My friend, Becky died a year ago today from alcohol.
It is so sad and it is not fair.
Becky and I were just casual friends, but we had a lot in common.
We both come from the same small town in Wisconsin.
We were both on the Poms squad in high school.
We married good, steady guys who loved us dearly.
We both gave birth to two daughters, a few years apart.
Being a Mom was the most important role of our lives and meant the world to both of us.
We were as proud as peacock’s of our girls.
We were closest to our own Mom’s, and everyone knew it.
We looked just like our Mom’s, who were our very best friends.
We were both friendly, although I think Becky was way more likable than me.
We both drank wine.
We both drank too much wine.
We stayed in touch casually over the years.
We were big fans of each other from afar, in a mutual admiration club of two.
I really liked Becky, and I think everyone that knew her did.
In just a few short years, Becky’s marriage ended, her mom died, and Becky slipped so far into alcohol that she could not return.
Alcohol took her life 1 year ago today on June 22, 2019.
After many warnings and even medical intervention, Becky’s body shut down.
Becky was so far in, she didn’t know how to get out.
Her body and brain were so addicted to the drug that she couldn’t make healthy decisions.
She was no longer in charge, alcohol was.
Becky was so much more than someone that drank too much, but this one part took her whole life.
Her oldest daughter just graduated high school and she was not there to see it.
This absolutely breaks my heart.
Her death left her loved ones deeply saddened, utterly confused, and frustrated by powerlessness.
Everyone wanted to help her, but alcohol hijacked her brain.
I feel the pain of my own loss of the great person Becky was, and the friendship we had.
My heart goes out to all her loved ones.
I also feel, in my bones, that I was headed in the same direction myself, and that scares the shit out of me.
Yes, I was still in the gray area, high functioning-ish sort of zone when I quit drinking, but it was starting to slip.
My inner circle was starting to see it.
I was starting to scare myself and not really be able to hold it all together, as I had for so long.
Alcohol, for me, was an elevator, as Belle Robertson says, that only goes down.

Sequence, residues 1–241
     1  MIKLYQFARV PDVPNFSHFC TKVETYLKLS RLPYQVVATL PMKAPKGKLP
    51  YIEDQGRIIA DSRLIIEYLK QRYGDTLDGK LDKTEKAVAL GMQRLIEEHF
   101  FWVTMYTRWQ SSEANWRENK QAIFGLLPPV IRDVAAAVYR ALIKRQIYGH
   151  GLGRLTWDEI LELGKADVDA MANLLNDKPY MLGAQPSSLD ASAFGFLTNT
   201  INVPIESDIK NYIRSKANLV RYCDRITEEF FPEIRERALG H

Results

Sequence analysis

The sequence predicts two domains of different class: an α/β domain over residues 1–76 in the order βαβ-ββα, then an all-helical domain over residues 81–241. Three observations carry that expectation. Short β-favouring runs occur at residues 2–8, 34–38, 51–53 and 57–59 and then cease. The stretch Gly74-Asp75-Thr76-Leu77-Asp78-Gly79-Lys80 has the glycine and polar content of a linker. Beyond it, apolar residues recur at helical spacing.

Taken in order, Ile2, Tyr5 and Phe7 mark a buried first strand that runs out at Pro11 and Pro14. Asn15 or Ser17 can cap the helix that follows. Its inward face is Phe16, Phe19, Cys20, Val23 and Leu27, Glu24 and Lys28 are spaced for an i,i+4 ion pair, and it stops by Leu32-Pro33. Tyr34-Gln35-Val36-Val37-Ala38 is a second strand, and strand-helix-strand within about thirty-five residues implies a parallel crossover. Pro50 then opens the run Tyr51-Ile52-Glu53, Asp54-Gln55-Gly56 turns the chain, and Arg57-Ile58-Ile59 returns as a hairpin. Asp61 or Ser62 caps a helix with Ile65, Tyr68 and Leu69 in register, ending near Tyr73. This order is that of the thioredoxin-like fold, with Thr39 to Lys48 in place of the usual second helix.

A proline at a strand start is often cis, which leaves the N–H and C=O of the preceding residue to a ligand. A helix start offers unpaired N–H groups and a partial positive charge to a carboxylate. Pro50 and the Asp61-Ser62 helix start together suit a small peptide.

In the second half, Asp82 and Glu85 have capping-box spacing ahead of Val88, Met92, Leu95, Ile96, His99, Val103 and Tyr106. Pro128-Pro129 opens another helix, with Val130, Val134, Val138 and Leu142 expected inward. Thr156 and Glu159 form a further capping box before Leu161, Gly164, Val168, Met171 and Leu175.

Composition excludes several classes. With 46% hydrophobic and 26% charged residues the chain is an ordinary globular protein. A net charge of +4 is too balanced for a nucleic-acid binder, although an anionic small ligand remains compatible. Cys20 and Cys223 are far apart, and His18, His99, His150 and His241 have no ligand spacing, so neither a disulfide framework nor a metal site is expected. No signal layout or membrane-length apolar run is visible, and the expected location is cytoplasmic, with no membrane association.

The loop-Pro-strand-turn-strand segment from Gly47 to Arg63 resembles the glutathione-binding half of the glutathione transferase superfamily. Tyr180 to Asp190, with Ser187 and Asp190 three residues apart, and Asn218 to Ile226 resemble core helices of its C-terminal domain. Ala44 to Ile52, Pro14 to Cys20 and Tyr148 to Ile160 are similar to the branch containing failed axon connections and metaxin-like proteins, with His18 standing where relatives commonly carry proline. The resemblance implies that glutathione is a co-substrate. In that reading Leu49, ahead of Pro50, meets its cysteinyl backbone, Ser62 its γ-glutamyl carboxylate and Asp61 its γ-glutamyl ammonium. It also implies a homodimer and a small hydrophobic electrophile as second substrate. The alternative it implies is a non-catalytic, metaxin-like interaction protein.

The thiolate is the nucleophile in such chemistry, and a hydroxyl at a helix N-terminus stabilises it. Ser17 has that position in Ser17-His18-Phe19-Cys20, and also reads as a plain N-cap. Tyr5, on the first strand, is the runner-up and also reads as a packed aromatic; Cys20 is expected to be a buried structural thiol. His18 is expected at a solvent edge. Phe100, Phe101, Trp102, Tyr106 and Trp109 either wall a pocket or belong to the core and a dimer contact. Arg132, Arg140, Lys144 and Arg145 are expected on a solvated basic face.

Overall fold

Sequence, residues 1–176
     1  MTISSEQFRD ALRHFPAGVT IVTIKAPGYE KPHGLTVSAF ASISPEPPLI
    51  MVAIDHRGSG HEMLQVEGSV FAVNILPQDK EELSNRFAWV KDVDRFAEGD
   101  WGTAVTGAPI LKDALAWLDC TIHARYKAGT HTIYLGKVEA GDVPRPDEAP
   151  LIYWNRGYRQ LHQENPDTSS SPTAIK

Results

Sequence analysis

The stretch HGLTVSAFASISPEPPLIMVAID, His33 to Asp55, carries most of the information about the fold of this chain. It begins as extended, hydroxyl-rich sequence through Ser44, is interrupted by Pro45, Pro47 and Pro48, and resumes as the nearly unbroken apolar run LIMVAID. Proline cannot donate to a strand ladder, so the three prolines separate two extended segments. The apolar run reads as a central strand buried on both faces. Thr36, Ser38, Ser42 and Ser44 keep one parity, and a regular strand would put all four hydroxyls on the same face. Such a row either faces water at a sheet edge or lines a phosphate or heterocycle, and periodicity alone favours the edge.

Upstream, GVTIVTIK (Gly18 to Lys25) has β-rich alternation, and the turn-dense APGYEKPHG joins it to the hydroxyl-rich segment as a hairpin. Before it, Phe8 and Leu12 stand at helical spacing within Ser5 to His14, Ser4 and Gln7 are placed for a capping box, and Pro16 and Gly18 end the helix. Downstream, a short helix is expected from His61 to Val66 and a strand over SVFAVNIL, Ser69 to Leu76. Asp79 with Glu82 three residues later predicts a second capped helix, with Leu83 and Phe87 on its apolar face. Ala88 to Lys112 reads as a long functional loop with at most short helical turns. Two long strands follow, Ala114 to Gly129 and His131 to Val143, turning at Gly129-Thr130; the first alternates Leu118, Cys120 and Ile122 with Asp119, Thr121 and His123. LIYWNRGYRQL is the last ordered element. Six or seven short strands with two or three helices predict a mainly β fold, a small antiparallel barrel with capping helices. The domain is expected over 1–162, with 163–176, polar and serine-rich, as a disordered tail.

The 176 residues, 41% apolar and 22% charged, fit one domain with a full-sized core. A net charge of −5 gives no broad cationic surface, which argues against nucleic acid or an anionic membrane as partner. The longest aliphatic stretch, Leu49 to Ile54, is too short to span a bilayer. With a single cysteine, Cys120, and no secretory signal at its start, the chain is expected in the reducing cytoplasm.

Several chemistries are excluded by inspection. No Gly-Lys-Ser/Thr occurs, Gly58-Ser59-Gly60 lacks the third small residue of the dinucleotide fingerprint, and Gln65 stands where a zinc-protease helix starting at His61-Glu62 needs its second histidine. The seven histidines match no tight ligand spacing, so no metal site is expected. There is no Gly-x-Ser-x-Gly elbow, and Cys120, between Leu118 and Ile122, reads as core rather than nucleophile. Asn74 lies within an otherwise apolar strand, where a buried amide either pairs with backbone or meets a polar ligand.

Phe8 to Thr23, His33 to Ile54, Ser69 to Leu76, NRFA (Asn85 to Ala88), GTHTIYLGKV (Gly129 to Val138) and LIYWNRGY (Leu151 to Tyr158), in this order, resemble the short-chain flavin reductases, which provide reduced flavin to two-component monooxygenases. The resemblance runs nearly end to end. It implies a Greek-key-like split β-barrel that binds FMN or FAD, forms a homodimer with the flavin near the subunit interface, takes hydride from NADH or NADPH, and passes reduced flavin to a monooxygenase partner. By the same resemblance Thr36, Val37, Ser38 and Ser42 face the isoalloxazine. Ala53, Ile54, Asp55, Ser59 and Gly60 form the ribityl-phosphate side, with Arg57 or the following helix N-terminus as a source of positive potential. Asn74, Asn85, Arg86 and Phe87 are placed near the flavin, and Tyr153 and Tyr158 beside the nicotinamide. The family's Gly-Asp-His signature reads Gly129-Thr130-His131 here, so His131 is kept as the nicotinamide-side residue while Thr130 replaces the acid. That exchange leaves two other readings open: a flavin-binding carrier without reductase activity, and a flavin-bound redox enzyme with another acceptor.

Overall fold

My descent was picking up speed.
I am currently getting an additional certification as a recovery coach.
The training has a lot to do with addiction, neuroscience and the brain.
I know too much now to ever go back to drinking.
If I was learning this stuff, while I was drinking, it would do nothing to curb my drinking appetite.
Fear of health complications and worst case scenarios would drive me faster and more furious to the bottle.
Smoker’s read the warning labels and keep on smoking, wishing they could quit.
I know this, because I stood in the smoker circle, and the conversation always turned to attempts to quit.
Fear and anxiety is a huge reason, I drank, which ironically caused more fear and anxiety.
Neither the drinking mind nor the anxious mind listen to logic and reason.
The problem with alcohol is that I did hold it for most of my life.
Alcohol does not alway present as an immediate problem.
In our society it is very normalized.
College binge drinking, hangovers, and the omnipresence of alcohol is highly celebrated.
I was a fun party girl with FOMO and that was all normal in high school and college.
I was a wine loving Mom’s club member, who loved my kids and having a good time too.
I was a successful sales woman who could work a room, a rare and valuable skill.
The line between me and Becky is very, very thin.
We have a similar history with our relationship to alcohol.
In just a few short years, I got sober and her life ended.
If you are worried about your drinking, you can quit at any time.
It doesn’t have to get worse.
You have permission to step off the elevator at any time.
I offer a free 20 minute consultation call and tons of free resources on my website